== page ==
The incidence of clinical mastitis was evaluated for 6 months on all six farms where the application was performed. The observed mastitis cases were lower on the three farms using ETD compared to the previous months in both quarters (first month = 1.24 %, second month = 0.14 %, third month = 0.0 %, fourth month = 0.0 %, fifth month = 0.0 %, and sixth month = 0.14 %) and cows (first month = 3.85 %, second month = 0.55 %, third month = 0.0 %, fourth month = 0.0 %, fifth month = 0.0 %, and sixth month = 0.55 %) (Table 1). On the other hand, the BTMSCC did not differ significantly between the farms where ETD and CTD were applied, as evaluated over 6 months (Table 2).
Teat dipping is an essential component of mastitis prevention control in dairy herds. However, despite its effectiveness, it still has some limitations. In particular, the incidence of mastitis does not decrease to the desired levels in some herds, and the residual problem remains a major challenge (Yanuartono et al., 2020). Teat-dipping solutions, such as chlorinated and iodinated antiseptics, are commonly used in the industry, with iodine concentrations varying from 0.05 % to 3 % (Boddie et al., 2000; Kuplulu and Vural, 2016). However, as the iodine concentration increases, residue problems in milk become more significant. A Canadian study showed that milk in bulk tanks had an iodine content of 54 to 1902 µg L−1 (Borucki et al., 2012), underscoring the need for new techniques.
The ETD device, developed and patented by the authors of the presented study, combines CTD application with the electrical field stimulation technique. The device operates with a voltage between 1.8 and 3 V and a current between 5.5 and 7.2 A. Risvanli et al. (2022) reported that the teat canal closed more quickly after ETD application than after CTD, according to ultrasonographic examinations. In our study, we found that clinical mastitis cases were lower on the farms using ETD than those using CTD. However, the BTMSCC did not differ significantly between the two groups over the 6-month study period. We also observed no adverse effects on the animals during or after the study. Although we could not compare our results with a similar ETD device, our findings suggest that ETD performs better than CTD in reducing mastitis rates, and the linear current applied does not pose a problem regarding animal welfare and ethics. Reinemann (2012) reported that exposure to stray voltage levels of 2 to 4 V is considered a mild stressor to some dairy cows, but it does not contribute to increased somatic cell count or incidence of mastitis, or reduced milk yield. Stray voltage is an alternating current, whereas the current applied in ETD is linear.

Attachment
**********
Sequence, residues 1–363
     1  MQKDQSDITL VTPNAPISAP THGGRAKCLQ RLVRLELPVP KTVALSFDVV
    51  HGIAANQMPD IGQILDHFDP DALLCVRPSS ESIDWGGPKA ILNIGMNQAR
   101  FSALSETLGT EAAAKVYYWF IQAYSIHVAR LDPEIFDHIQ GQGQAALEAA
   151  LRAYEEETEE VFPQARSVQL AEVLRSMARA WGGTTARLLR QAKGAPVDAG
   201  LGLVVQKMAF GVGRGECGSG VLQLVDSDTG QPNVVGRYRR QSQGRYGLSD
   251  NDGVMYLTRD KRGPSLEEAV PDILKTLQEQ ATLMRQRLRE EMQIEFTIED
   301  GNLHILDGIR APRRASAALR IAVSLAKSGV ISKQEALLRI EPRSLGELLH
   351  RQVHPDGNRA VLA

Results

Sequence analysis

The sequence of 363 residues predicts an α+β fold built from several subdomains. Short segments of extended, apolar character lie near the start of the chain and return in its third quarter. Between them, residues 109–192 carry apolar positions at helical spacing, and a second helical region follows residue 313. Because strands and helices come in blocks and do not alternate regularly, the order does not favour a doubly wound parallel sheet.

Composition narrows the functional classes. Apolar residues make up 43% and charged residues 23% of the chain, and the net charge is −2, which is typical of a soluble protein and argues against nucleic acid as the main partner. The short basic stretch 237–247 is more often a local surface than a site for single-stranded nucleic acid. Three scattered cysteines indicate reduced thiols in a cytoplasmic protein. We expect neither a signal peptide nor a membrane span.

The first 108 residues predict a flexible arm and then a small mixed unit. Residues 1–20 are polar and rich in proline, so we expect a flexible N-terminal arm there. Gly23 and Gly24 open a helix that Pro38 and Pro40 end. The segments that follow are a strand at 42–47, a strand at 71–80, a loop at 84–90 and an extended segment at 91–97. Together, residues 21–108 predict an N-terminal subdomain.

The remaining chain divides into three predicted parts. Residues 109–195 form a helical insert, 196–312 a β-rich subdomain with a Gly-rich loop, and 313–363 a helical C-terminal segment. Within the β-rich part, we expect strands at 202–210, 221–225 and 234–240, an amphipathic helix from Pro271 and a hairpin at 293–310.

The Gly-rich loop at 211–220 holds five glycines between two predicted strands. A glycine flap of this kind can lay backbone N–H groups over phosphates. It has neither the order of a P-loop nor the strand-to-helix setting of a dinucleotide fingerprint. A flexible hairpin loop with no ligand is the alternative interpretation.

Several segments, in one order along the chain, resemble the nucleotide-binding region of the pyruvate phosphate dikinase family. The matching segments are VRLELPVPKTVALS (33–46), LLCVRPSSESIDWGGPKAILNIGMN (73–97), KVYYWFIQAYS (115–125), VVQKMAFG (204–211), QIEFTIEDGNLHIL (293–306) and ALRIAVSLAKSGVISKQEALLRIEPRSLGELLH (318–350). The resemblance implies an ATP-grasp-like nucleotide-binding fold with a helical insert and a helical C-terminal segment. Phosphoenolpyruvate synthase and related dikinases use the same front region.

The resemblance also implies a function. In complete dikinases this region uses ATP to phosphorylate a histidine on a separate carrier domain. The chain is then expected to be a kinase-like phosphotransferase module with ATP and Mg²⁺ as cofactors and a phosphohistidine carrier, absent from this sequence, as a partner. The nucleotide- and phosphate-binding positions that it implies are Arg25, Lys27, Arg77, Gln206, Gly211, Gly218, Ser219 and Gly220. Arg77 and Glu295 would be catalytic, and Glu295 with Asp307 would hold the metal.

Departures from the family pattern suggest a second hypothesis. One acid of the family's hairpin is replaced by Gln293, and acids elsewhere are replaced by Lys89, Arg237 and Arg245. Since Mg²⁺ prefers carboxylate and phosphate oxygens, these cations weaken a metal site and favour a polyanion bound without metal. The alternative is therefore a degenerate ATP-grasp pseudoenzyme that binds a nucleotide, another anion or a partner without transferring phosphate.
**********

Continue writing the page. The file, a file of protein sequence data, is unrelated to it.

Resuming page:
In conclusion, based on our results, we conclude that it would be beneficial to expand the use of the device, as we can say that ETD reduces the incidence of mastitis in dairy herds.
The original data of the paper are available from the corresponding author upon reasonable request.
TS: investigation, resources, writing – original draft, review and editing. AR: project administration, investigation, resources, data curation, formal analysis, writing – original draft, review and editing. OY: investigation. BY: investigation. NS: investigation. BT: mechanical design.
The contact author has declared that none of the authors has any competing interests.
This study was conducted after obtaining approval from the Experimental Animals Ethics Committee of Fırat University (2019/101).
Publisher’s note: Copernicus Publications remains neutral with regard to jurisdictional claims in published maps and institutional affiliations.
This study was supported by the Scientific and Technological Research Council of Türkiye (TUBITAK-TEYDEB project no. 3191749).
This paper was edited by Steffen Maak and reviewed by two anonymous referees.